Trump, his Shadow Self, and our own dark denial
It has become painfully clear to the world that our President is racist.
Using words to describe his temperament is the first step to defining his condition. Hanging a label around his neck offers a type of relief that exonerates our personal anxiety about the situations surrounding him. But it does not address the lingering issues beyond Trump, that persist in a world where we see ourselves and others through the lens of comparative worth.
The toxicity of viewing another human as having less or more worth than another is nothing new. Even a superficial look through a history book or glance at any headline today, shows a snapshot of this behavior. Our society mimics this behavior of human value even within our own families and friends.
Over the years, people have typically used coded language and behaviors to disguise this type of ugliness. People have been routinely rejected because of the color of their skin, without directly saying so. That dynamic of clandestine racism changed when the shadow behavior became President of the United States, and subconscious prejudices becomes conscious and malicious actions.
The effect has created a new level of anxiety, across the country and in a segregated city like Milwaukee. The floodgates of racism are being pushed wide open, allowing hatred to spill freely into public conversation like an overflowing sewer. While some might argue that at least we now know, or can acknowledge without a doubt, that these feelings and attitudes have always existed, getting them out into the open allows our community to overturn a system of denial and move towards healing and resolution.
Except, it does not and cannot accomplish anything good or positive.
Instead of seeing Trump as symptomatic of a larger problem, our collective conscience has focused on him personally as the problem itself. This type of vilification allows for little systematic healing. The brunt of detest is focused on the person as an over-simplification. Personalizing Trump, by calling into question his mental health, his wife’s immigration status, his bullying personality, his daddy issues, and even his manhood – or lack there of – is a satisfying defense to cope with his behavior that we find upsetting.
During the 2016 election campaign, humiliating statues of Trump were erected showing a naked and non-erect Trump. They were sculpted to visualize a reaction by society to counter his overt behavior. He became the representation of a much bigger problem that we as a society created, how our own personal anxieties lead to complacency within an already unfair system.
The “I’m so pissed” feeling of internalized anger should motivate our anxiety for the need to change. However, instead of appreciating this anxiety as a healthy agent for change, we cope with this feeling by engaging in an anger-relief response mechanism of projecting disgust. This projection leads to the temporary relief of guilt.
Heightening this anger-relief euphoria comes from the expression of our revulsion in a public forum, such as social media. This same relief process becomes even more gratifying by giving people the moral high-ground justification of, “I am speaking up against this “racist, misogynist pig.”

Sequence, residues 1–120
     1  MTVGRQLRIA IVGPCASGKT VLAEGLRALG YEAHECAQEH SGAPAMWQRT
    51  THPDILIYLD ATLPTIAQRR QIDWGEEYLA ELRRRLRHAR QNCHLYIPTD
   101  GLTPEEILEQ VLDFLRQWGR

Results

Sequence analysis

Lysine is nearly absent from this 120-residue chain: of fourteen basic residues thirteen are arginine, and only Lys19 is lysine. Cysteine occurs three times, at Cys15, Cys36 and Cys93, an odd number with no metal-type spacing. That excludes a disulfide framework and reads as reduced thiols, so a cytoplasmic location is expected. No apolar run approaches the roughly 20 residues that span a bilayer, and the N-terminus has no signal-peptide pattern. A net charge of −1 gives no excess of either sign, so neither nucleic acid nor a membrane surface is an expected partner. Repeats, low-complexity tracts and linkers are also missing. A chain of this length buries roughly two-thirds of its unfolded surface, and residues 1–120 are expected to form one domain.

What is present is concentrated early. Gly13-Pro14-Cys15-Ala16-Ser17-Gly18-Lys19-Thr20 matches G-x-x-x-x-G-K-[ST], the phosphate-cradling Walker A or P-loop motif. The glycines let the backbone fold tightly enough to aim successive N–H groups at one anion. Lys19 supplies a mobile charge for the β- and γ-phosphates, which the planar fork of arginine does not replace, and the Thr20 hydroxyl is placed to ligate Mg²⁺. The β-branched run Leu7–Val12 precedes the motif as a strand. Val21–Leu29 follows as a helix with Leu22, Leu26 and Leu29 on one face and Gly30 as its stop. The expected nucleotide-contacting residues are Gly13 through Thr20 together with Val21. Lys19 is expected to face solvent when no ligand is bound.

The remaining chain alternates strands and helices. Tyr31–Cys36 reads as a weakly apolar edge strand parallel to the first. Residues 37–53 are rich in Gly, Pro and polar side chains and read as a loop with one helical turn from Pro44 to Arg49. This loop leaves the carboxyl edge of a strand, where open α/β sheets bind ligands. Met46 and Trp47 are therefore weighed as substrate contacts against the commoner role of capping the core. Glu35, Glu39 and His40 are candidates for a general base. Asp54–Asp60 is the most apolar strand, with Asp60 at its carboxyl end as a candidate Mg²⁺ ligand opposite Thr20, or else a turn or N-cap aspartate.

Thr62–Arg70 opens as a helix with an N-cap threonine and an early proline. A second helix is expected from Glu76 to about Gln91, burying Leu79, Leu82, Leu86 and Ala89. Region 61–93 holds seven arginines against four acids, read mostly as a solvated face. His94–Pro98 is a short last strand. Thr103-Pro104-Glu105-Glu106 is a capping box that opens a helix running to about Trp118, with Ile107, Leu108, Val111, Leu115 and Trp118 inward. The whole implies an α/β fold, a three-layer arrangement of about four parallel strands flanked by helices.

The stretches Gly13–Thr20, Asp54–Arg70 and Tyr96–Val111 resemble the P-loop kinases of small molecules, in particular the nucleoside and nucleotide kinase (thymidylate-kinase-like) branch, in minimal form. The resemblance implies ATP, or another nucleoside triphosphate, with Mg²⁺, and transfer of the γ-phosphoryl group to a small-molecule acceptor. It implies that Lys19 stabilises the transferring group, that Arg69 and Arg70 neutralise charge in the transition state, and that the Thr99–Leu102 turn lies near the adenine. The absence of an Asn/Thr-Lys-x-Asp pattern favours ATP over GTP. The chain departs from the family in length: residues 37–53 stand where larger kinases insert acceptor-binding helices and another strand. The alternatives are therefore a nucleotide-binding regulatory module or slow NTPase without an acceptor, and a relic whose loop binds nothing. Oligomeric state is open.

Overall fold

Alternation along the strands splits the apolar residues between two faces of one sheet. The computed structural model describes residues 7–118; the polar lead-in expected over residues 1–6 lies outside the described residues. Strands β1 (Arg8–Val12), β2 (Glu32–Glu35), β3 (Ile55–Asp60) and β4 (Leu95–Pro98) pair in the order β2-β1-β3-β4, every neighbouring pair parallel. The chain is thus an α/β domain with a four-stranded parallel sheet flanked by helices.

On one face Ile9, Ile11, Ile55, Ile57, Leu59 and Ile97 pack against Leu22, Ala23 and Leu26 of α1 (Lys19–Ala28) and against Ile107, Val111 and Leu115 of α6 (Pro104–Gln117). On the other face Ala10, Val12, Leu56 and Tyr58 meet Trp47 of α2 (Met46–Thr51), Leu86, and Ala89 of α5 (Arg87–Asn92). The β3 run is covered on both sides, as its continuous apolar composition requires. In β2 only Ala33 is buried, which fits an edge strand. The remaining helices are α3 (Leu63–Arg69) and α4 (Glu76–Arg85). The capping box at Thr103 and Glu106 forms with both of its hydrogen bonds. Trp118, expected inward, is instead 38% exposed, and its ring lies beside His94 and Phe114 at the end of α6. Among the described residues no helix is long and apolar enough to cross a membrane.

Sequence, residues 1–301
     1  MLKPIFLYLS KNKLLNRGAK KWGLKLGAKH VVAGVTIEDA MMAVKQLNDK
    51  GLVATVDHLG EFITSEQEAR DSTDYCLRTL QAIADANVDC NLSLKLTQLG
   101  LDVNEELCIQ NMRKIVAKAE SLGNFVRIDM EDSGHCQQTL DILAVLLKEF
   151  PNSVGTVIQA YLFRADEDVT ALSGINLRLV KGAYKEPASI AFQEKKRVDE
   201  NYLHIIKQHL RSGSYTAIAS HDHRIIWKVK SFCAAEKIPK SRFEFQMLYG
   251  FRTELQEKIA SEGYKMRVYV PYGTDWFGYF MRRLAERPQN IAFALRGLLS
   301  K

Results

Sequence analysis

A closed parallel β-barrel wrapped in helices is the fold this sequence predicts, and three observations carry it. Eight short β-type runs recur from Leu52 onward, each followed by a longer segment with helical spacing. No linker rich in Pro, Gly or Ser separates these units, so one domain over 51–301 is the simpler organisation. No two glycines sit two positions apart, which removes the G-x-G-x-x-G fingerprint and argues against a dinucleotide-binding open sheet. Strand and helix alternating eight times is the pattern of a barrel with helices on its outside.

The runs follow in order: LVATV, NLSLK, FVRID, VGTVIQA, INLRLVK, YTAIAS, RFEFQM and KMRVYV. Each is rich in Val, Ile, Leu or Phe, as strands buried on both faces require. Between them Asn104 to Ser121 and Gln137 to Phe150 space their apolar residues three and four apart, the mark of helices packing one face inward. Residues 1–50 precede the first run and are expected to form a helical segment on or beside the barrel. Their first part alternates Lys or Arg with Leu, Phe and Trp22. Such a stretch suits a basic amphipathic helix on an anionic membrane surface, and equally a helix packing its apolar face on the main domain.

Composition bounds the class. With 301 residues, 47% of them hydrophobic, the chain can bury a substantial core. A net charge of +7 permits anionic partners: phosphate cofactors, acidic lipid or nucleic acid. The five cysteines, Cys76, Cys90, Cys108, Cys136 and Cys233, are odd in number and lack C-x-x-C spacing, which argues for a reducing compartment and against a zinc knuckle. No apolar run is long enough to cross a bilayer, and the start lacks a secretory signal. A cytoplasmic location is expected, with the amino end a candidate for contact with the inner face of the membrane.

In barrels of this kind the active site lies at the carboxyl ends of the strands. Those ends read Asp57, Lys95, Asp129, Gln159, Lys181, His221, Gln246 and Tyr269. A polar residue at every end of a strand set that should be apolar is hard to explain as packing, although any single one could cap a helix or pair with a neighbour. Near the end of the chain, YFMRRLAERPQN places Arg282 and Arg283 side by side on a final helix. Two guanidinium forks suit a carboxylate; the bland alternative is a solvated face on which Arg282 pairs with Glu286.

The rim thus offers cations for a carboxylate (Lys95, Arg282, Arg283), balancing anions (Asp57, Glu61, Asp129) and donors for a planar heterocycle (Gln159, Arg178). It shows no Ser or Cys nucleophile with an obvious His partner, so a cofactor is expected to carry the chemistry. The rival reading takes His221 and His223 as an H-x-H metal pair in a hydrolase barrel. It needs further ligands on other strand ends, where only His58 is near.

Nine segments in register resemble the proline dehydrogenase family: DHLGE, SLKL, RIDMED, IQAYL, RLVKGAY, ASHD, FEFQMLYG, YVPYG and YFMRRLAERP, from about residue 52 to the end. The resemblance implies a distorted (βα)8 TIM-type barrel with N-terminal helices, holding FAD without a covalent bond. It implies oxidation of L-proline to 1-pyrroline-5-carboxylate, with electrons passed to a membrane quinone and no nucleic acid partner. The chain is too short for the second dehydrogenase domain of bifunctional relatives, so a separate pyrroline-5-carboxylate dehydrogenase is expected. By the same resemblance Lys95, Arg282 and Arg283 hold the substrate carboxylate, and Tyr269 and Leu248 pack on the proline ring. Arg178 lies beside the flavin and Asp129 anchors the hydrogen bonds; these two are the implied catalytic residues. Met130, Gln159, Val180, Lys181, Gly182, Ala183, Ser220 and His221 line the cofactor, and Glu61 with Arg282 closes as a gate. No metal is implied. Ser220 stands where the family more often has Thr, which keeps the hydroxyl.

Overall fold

This habit keeps us completely blind to our actions, that we are much more an inflammatory agent than we like to admit. Because anger that is not channeled into productive action does not do anything but complete a status quo of the misery cycle.
We would be better off by understanding that the shadow self of racism not only exists but thrives because of our denial systems.
To put it simply, we are triggered by certain things because they are a part of the suppressed shadow within us. This causes us to overtly point out explicit behaviors in others, as an unconscious defense mechanism of self.
Since much of this is so subconscious in nature, we engage in the behavior without real awareness that we are really feeding the machine. A small example can be seen in our media consumption of all the Trump related headlines.
Over the past couple of years, Trump has been at the center of national and international politics. While his Presidential popularity has been historically low, his headline popularity continues to skyrocket. Our insatiable consumption is being fed by mass media, social media, and books chronicling the dirty secrets about Trump. His tweets are retweeted as if they were seconds on a stopwatch.
At every level of our society, this action creates a bigger monster to yell about, while intentionally ignoring our own role in bringing into power this monster and its shadow.
I am an immigrant from an arguably “shithole” country by most Western standards. I do not see myself that way, but I do know that others might see me as such subconsciously. If we look closely, we can see our own shadow self and see the shadows in others.
K.M. Reeves presented “Racism and projection of the shadow,” which spoke about the Jungian concepts of the shadow and shadow projection to illuminate racism. Understanding this could help address the psyche behind racism within our society.
With the overexposure and overstimulation of our modern world, we must continuously address the unconscious shadows that exist within our own hearts. That way we can become a radiant agent of healing and wholeness.
For Milwaukee to become whole as a society means to become connected to the good and bad of both the persona we show and the shadow we hide. In Trump’s case, as the example, it is the shadow we dread.